Security

Presidency Still Mute on Guns Mop Up, Appointments

The Gazette Staff
Written by The Gazette Staff

The Presidency has remained silent concerning the controversy trailing the alleged signing of an Executive Order by President Muhammadu Buhari, seeking to mop up guns in the hands of private individuals across the country.

Although no official statement has been issued by the Presidency to authenticate the veracity or otherwise of the reported directive revoking all firearms certificates and licences throughout the federation, many Nigerians have argued that the order, if true, would expose innocent Nigerians and deny them the opportunity of self-defence from the criminal activities of herdsmen, kidnappers, armed robbers and Boko Haram terrorists, among others.

Specifically, recent reports had it that Buhari had signed an Executive Order that revoked private individuals’ licenses on firearms or shotguns in Nigeria. According to the said Order, withdrawal of the licenses was to take effect from June 1 and that all those in possession of such firearms were to have surrendered them at the nearest Police station with the licences.

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The withdrawal, according to the reports, would ensure that only officers of the Nigeria Police Force, Nigerian Army and select security agencies are authorised to carry arms.

The reports, which dominated the social and conventional media, had indicated that even civil defence agents and some other security agents would no longer be allowed to carry weapons from June 1.

The President was said to have signed the Executive Order on May 22 in response to threats by some Niger Delta militants to declare a Niger Delta Republic and secede from Nigeria, but The Guardian could not immediately confirm the content of the Order, as presidential media aides, Femi Adesina and Garba Shehu, were not reachable at press time.

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While Adesina did not reply to a mail sent to him to comment on the controversy, Shehu could not be reached, as he was said to have travelled out of the country for an official assignment.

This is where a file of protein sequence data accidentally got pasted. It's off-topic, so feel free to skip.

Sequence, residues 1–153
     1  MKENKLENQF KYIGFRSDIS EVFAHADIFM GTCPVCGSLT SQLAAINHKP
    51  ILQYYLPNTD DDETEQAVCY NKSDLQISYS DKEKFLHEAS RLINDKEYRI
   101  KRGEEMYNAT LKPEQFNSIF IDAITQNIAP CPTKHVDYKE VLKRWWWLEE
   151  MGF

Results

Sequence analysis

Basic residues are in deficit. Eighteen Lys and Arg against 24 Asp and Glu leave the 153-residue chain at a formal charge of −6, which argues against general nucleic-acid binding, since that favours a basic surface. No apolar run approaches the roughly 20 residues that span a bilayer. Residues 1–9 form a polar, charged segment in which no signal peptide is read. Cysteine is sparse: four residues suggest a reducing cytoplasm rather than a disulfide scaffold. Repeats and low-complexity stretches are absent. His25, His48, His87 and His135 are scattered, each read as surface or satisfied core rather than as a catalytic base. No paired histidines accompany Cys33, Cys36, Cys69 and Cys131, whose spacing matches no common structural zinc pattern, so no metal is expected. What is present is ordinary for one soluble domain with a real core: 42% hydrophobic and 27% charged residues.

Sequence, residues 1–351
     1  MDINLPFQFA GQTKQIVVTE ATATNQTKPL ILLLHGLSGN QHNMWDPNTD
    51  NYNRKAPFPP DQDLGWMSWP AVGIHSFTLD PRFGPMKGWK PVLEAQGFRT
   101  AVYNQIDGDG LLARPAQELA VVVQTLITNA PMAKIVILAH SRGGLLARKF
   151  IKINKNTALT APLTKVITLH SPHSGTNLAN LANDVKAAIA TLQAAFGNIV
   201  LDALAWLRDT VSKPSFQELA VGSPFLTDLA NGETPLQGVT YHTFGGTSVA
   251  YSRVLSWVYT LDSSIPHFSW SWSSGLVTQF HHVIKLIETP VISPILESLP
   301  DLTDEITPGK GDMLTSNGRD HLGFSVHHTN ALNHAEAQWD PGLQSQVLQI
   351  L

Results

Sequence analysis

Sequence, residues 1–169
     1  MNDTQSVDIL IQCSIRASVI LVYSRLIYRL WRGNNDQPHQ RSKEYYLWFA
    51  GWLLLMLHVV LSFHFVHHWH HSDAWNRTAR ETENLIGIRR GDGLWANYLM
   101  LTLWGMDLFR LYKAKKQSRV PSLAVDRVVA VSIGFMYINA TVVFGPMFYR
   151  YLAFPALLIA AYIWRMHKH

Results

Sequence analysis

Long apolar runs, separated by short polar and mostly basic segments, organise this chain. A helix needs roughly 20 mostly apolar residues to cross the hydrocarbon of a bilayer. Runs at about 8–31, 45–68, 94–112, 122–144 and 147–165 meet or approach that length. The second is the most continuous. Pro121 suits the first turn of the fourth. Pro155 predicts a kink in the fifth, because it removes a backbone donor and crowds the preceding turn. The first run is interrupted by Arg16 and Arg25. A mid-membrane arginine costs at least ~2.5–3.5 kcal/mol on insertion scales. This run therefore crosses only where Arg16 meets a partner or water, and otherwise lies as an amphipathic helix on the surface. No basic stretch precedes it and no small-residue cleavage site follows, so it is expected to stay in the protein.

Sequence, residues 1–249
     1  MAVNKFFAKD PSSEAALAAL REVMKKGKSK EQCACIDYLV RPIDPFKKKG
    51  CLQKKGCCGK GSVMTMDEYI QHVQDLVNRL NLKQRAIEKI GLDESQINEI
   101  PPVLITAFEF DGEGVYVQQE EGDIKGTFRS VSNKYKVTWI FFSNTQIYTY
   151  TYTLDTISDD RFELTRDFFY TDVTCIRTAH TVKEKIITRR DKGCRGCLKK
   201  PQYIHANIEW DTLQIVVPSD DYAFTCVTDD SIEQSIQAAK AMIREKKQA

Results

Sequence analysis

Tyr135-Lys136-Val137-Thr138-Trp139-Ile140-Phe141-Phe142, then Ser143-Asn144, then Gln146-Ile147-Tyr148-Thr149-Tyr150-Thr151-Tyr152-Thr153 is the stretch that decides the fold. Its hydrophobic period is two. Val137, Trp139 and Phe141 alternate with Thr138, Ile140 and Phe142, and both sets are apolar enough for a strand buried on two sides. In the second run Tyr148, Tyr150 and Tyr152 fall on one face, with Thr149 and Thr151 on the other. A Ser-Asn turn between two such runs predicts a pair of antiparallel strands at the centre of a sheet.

Meanwhile, the ruling All Progressives Congress (APC), pressed on how long it would take the President to assemble a new cabinet and reshuffle his personal aides that do not need the approval of the National Assembly, said Buhari has not breached the law over the delay to appoint his personal aides.

APC’s National Publicity Secretary, Mallam Lanre Issa-Onilu, in a chat with The Guardian, noted: “Has he passed any deadline for the appointment? If no, then the word ‘delay’ is not applicable here. Mr. President will appoint his aides at the appropriate time. So far, he has not broken any law.”

A chieftain of the party and Director General of the Voice of Nigeria (VON), Osita Okechukwu, who spoke in the same vein, expressed satisfaction with the performance of the President since he was sworn-in for a second term in office on May 29, maintaining that there was no cause for alarm, since Buhari has been able to oversee the affairs, notwithstanding the fact that he is taking his time to appoint his personal aides.

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“One appreciates the anxiety and indeed the expectations of Nigerians that Mr. President should not delay appointments of aides and ministers. However, one is happy that he, in his style, is quietly advancing critical infrastructure and subtly restructuring the polity.

“Methinks the move to give first-line charge to local governments and state judiciary, coupled with State Police is restructuring without wimpier.”

Some Nigerians have expressed concern over the perceived delay by the President to announce replacements or re-appointment of his personal aides, even as some governors, including new ones, have been making appointments since taking office the same May 29.

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Their worry might not be misplaced, bearing in mind that it took the President months after assuming office to constitute his cabinet in 2015, a delay that grounded many government decisions and negatively affected many sectors and which many fear could be repeated.

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